In one of the last photographs my family took of my grandmother, she looks as if she’s been in a fistfight. Jean Bass Tinsley is lying in a hospital bed in Athens, Georgia, wearing a turquoise button-up shirt and staring blankly at the camera. A bandage obscures her fractured skull, along with the bridge of her bloodied nose. She is 91 years old.
My grandmother essentially did this to herself. In June 2013, she fell out of her wheelchair headfirst, after ignoring her caregivers’ warnings not to get out of bed without help. Earlier that year, she’d broken both of her hips, in separate falls. Before that, her pelvis-all while trying to do what for most of her life she’d managed just fine on her own: walk.
In her last year, dementia crept into my grandmother’s mind. The staff at her long-term-care facility plotted ways to protect her from herself. It’s against the law in Georgia to restrain patients in such facilities, so they lowered her bed to the floor and put a pad down next to it. They even installed an alarm that went off if she left her mattress. My grandmother disabled the alarm, moved the pad and freed herself, repeatedly. In the end, she was both too weak and too strong. [Full text]
The Associated Press
PARIS — One French court acquitted a doctor of poisoning seven terminally ill patients while another ordered physicians to suspend treatment for a comatose man, while Britain’s top court said the country’s ban on assisted suicide may be incompatible with human rights.
The decisions of the past few days are fueling the arguments of Europeans who say the duty of doctors is to end the suffering of those beyond treatment.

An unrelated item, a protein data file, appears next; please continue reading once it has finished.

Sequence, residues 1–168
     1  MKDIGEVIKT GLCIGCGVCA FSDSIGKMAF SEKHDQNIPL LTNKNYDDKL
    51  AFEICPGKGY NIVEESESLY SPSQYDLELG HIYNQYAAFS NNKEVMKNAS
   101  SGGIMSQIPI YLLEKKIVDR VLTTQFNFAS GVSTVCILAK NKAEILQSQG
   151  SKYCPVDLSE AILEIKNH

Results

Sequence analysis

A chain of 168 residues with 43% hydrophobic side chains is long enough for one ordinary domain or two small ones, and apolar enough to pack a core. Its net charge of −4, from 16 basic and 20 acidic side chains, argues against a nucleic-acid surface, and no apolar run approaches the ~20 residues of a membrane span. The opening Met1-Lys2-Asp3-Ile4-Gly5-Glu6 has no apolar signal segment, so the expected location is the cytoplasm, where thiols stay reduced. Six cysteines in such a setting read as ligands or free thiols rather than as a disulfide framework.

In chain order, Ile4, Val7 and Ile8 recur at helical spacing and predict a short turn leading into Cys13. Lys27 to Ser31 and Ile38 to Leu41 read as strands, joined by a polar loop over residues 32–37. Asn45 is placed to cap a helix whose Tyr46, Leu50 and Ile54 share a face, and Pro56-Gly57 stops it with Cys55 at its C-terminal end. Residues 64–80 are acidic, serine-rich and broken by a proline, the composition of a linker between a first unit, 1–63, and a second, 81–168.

But emotions run high on all sides around the issue of euthanasia and assisted suicide, as is shown by the bitter case of the comatose Frenchman, Vincent Lambert. Hours after the French court sided with his wife in ordering an end to treatment, the European Court of Human Rights blocked the move at the request of his parents, in a rare late-night ruling. . . [Full text]
A panel of 18 people deemed representative of society, appointed by the French national ethics committee had decided that euthanasia/assisted suicide is a “legitimate right” for the dying or terminally ill. The ethics committee had previously advised the French government against legalizing the procedures because of concern that it would be “dangerous” for society. French President Francois Hollande is reported to be planning to bring forward a bill. [Reuters]
Professor Didier Sicard has produced a report for the French government recommending that euthanasia should remain illegal. He also recommends that “accelerated death” should be allowed in three kinds of circumstances, and news reports describe the proposals as legalizing assisted suicide.[UPI; France 24 International]